The Bee and Me

This new-old story dates back to August 2011.

With 35-odd years of rich life under my belt, I have experienced a few stressful situations. With each incident the assumption is that I learn something, and so rather than staying shaken by the event, my confidence seems to improve. Sadly, however, the “learning” eventually seems to slip away, while the confidence seems to remain.

I was biking home from work along the bike path and approaching an underpass for a bridge that joins parts of the Calgary Zoo across the Bow River.  I was hot on the trail of another cyclist who I was trying to reel in. The path dips under the bridge which puts it  at eye level as you approach, blocking your view of the path on the other side. I had been steadily gaining on the other cyclist but she had momentarily disappeared out of sight into that blind spot. I slowed as I approached the bridge and rang my bell to alert anyone coming from the other direction. I passed under the bridge and seeing that I had no oncoming traffic to worry about, I stood on the pedals to power up the other side and recover speed in my bid to catch the girl biking in front of me.

I was pedalling hard and then **thwack!!**, I got hit in the forehead by a large bug. No matter how many times this happens to me, it always catches me off guard and the initial surprise is followed by an instant and intense anger – as if the bug has been planning out a precision and targeted air strike against me for weeks. They are so small, but the impact feels so big. This time it wasn’t instant anger that I felt after the impact, but an instant pinpoint of searing pain. The bug – a bee or a wasp – had bounced off my forehead, ended up inside my sunglasses, and stung me right above the eye. I was filled with panic, my instincts took over, and my right hand came off the bars, violently swatting at the source of the pain. My sunglasses and helmet were in the way, but I was overwhelmed with a single-minded goal to get this bug away from my eye and I forgot everything else, including the need to steer my bike. At this point either I closed my eyes, or became blind with panic. My bike veered sharply to the left and slammed hard into the railing on the other side of the path. My front tire hit the lower rail, absorbing a good deal of my momentum, and then my left bicep hit the upper rail, bringing to an abrupt end whatever forward motion remained. I unclipped, finally managed to rip my glasses off and angrily swiped the bug out of my eye. My eyebrow felt hot and was already pulsing and pounding in reaction to the sting. My upper arm felt somewhat numb, and a rug-burn like feeling was creeping into my bicep.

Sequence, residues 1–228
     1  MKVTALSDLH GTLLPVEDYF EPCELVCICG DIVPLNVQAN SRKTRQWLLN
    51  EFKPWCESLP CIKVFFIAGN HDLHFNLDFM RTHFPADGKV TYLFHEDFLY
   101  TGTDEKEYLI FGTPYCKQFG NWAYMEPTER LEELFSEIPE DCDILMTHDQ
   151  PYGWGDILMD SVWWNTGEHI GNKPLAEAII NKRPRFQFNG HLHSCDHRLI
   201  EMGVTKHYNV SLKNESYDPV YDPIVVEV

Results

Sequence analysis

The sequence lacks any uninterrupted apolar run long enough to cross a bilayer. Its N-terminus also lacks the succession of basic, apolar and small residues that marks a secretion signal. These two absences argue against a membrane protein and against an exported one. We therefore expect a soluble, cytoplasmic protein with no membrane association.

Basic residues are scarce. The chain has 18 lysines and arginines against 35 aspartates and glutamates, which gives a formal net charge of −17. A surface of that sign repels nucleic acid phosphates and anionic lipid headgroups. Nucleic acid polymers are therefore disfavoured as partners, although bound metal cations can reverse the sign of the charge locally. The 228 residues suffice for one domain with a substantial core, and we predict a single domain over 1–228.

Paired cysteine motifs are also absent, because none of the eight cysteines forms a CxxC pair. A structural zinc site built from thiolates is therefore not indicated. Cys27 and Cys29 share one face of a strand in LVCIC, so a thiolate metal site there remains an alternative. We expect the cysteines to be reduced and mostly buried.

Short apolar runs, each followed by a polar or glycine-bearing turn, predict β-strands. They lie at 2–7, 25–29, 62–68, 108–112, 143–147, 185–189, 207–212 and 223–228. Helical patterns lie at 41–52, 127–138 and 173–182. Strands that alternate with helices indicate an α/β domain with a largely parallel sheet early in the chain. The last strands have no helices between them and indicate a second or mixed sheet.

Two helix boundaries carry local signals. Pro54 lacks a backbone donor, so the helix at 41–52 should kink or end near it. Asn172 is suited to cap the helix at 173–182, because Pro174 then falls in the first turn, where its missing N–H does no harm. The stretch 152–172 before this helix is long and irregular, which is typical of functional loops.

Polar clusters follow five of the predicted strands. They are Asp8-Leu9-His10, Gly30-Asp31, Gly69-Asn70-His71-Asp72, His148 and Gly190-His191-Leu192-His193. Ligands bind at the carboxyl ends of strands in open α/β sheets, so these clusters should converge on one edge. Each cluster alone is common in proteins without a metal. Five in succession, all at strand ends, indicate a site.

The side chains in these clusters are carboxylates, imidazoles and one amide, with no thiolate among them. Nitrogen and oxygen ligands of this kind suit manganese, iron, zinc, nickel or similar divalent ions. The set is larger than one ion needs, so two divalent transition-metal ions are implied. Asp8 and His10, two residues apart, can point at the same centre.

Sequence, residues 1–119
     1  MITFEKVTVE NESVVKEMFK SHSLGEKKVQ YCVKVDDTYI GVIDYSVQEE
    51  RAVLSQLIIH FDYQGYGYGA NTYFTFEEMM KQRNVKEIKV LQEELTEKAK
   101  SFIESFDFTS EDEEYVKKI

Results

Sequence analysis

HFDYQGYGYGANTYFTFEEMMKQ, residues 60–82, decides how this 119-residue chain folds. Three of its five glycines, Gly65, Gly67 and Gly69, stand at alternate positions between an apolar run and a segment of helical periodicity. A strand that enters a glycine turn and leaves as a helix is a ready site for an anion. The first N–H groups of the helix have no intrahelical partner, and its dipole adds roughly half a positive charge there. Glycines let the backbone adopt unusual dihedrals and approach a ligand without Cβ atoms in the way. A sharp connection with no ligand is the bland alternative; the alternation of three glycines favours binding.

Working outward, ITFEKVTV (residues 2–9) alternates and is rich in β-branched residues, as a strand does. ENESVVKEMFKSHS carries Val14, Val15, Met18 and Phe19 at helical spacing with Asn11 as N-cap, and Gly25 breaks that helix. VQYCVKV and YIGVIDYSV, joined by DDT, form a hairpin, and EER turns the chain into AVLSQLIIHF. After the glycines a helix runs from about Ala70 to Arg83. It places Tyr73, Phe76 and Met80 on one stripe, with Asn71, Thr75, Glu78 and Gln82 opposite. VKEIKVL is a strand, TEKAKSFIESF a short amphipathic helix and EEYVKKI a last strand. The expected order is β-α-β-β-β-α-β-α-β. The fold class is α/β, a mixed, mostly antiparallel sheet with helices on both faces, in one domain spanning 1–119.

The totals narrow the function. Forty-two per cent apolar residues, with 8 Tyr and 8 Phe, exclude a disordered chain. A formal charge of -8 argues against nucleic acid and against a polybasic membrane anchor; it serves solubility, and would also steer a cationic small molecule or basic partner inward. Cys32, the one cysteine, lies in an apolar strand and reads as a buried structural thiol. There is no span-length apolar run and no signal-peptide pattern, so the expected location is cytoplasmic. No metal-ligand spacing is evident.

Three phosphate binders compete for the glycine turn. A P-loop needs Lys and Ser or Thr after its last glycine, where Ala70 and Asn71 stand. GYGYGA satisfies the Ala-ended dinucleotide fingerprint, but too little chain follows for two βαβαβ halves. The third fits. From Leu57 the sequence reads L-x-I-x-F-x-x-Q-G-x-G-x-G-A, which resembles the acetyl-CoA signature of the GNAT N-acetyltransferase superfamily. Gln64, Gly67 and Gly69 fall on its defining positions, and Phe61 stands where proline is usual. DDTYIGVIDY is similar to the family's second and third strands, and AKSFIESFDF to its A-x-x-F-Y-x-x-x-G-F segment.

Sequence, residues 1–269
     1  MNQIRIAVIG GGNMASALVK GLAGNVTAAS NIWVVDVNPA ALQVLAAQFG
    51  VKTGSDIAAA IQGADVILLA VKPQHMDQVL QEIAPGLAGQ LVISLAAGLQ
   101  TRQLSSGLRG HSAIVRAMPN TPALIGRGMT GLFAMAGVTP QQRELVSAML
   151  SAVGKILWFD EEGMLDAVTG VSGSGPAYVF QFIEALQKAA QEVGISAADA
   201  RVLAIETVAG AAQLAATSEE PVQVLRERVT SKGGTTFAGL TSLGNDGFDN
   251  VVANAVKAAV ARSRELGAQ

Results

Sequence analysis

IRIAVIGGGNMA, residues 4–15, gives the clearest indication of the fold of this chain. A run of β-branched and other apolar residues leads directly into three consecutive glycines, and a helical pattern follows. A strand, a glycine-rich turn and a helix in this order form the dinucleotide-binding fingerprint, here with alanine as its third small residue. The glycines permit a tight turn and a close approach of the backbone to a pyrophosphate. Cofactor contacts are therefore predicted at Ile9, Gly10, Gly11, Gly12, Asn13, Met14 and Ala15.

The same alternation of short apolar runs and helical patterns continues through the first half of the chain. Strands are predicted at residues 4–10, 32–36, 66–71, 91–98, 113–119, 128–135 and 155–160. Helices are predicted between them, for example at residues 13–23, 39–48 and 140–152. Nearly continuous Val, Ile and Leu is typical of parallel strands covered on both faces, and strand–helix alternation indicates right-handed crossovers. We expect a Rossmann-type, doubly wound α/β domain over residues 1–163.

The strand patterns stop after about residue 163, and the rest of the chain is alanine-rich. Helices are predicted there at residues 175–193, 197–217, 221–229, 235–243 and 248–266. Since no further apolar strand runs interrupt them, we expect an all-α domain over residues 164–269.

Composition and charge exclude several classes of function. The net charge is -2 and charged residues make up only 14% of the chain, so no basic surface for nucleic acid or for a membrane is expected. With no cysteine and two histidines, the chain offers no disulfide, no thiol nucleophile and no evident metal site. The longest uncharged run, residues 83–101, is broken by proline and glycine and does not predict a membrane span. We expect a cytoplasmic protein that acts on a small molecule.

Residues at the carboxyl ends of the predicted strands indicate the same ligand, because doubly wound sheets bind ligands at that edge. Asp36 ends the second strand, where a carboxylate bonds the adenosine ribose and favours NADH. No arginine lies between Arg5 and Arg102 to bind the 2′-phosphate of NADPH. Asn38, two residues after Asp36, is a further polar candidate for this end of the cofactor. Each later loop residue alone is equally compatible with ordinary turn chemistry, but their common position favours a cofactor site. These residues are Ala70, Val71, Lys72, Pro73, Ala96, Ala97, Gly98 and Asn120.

I must have made quite a racket; perhaps it was the thud of flesh against steel or the whoosh of air leaving my lungs, or maybe it was a high-pitched scream. The cyclist I was chasing was about 100 metres ahead of me but she had heard enough through her headphones to alarm her. She stopped her bike, pulled out an ear bud, and looked back at me with wide eyes and a good deal of concern. I was immediately embarrassed and tried to gather my wits enough to tell her I was fine, that I had just been stung by a wasp or a bee. I did my best to be nonchalant and cool about it. She gave me an empathetic “are you sure?” with her eyebrows, but I waved her on. She cycled away and I began to gather myself and try to piece together what had just happened.

As I took stock I realised that my front wheel was now pointing in a distinctly different direction from my handlebars and stem. I pulled up my sleeve to find that my arm was already bruising. I tried to assess the sting site in the reflection of my sunglasses but it was hard to make out enough detail. I pulled my phone out of my backpack to snap a picture so I could take a better look at it. As I was doing this, another cyclist passed me surely wondering why I was taking close-up pictures of my face at that exact point on the path. This made me smile, and as my adrenaline subsided, I began to see the humour in what had just happened. I decided this would make for a great story so I also took a picture of the scene and a picture of my arm, so I could use them in the re-telling. After straightening my bars I even took a look around on the path to see if I could find the bug for another crime scene photo, but to no avail.

Other than an itchy and slightly swollen eyebrow, the rest of my ride home went well. I had faced another stressful situation, and thankfully come through it okay despite my panicked reaction. Thank goodness the railing was there, as I would have tumbled hard down a slope and ended up in the river otherwise.

This is a perfect example of a situation I should learn from. I like to think that next time I will recognise the non life-threatening nature of the situation, keep my eyes open, stay calm, hang on to my bars and come to a controlled stop before causing a life-threatening situation by smashing into something really hard or careening headlong into the river. I would like to think so. I really would.

Looking back on the scene of the crime

The bee sting, just over and to the inside of my left eye

My bicep after the collision. Not sure whether to call this the 'before' or 'just after' picture.

The bicep a few days later. Luckily not as painful as it looks.

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